Concept: Trustworthy elements
A trustworthy element is as a specific factor or aspect of the software development process, or of product results that indirectly influence the perception of the trustworthiness of the FLOSS development process. Two different scenarios were considered when identifying the trustworthy elements: software integrators and development communities.
Relationships
Related Elements
Main Description

Trust is correlated with the quality of a software product and it is to some extent influenced also by subjective perceiving of the quality of trustworthiness of a software product. A trustworthy element (TWE) can be seen as an approach to solving one or several commonly occurring problems on FLOSS development process. TWE can be specific to FLOSS developement process or can be inspired on CMMI practices.

In addition to CMMI levels 2 and 3 practices, OMM is based on twelve trustworthiness elements:

1. Product Documentation (PDOC) – Potential integrators of FLOSS products want the product documentation to be exhaustive and easy to understand. A good documentation may also facilitate community involvement, as people would know how they can contribute. By product documentation they refer to: Product design / architecture documented (developer documentation), User documentation, and Technical documentation (for troubleshooting). Documentation must be up to date because unskilled users may encounter serious problems if the documentation is not appropriate for a specific version of the product and therefore they can stop using the FLOSS product;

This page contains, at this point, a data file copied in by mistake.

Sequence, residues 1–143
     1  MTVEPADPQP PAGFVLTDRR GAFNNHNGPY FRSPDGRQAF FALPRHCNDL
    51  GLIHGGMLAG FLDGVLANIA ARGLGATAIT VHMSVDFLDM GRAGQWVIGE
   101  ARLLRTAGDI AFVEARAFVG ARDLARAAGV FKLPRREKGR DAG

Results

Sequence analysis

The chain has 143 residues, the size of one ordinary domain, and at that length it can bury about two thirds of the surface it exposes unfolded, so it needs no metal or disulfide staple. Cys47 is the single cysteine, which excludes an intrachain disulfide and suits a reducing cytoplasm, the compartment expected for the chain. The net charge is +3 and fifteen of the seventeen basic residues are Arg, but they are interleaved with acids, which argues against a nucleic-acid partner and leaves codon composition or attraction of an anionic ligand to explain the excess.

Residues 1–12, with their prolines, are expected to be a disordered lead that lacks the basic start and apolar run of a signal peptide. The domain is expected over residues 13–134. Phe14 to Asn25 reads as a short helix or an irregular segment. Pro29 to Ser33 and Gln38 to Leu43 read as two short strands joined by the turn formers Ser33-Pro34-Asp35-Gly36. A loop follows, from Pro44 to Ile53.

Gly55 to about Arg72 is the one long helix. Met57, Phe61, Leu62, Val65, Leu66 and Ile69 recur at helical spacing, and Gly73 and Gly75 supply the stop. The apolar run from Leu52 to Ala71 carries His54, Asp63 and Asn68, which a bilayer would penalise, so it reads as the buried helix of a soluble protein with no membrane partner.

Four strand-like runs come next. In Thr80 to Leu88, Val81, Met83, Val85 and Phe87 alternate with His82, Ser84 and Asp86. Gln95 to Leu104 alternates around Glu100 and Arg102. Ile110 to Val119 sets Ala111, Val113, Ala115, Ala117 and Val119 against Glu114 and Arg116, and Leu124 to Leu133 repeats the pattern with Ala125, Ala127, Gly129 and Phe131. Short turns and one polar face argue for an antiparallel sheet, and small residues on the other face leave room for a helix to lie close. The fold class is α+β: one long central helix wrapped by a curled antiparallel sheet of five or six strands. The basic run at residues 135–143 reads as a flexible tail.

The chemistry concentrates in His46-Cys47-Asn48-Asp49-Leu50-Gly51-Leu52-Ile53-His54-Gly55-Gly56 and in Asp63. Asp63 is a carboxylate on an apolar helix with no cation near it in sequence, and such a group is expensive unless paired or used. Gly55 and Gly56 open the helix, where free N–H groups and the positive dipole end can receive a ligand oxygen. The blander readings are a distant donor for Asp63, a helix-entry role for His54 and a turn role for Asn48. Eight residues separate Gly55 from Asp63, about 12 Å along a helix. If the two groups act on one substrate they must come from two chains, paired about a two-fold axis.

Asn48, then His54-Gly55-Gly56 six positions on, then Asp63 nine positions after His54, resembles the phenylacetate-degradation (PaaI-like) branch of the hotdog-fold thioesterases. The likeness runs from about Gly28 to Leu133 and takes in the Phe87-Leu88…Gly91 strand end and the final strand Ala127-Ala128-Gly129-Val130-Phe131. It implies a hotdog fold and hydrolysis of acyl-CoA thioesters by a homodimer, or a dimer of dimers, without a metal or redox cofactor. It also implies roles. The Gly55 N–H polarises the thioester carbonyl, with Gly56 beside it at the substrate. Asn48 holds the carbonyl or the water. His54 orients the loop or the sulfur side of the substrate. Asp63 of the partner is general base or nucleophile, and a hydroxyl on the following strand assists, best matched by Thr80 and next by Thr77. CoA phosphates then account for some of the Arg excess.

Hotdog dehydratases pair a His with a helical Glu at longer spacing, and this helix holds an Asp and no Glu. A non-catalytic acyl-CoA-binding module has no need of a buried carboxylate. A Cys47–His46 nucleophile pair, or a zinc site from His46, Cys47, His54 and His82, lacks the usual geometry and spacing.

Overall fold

2. Popularity of the SW Product (REP) – The more popular the software product is the more likely people will trust on it. Such popularity can be indicated by, for instance, the number of users that have downloaded the product and that are using it. Discussions in mailing lists, forums, bug reporting systems and other communication environments are also relevant to indicate the popularity of a FLOSS product;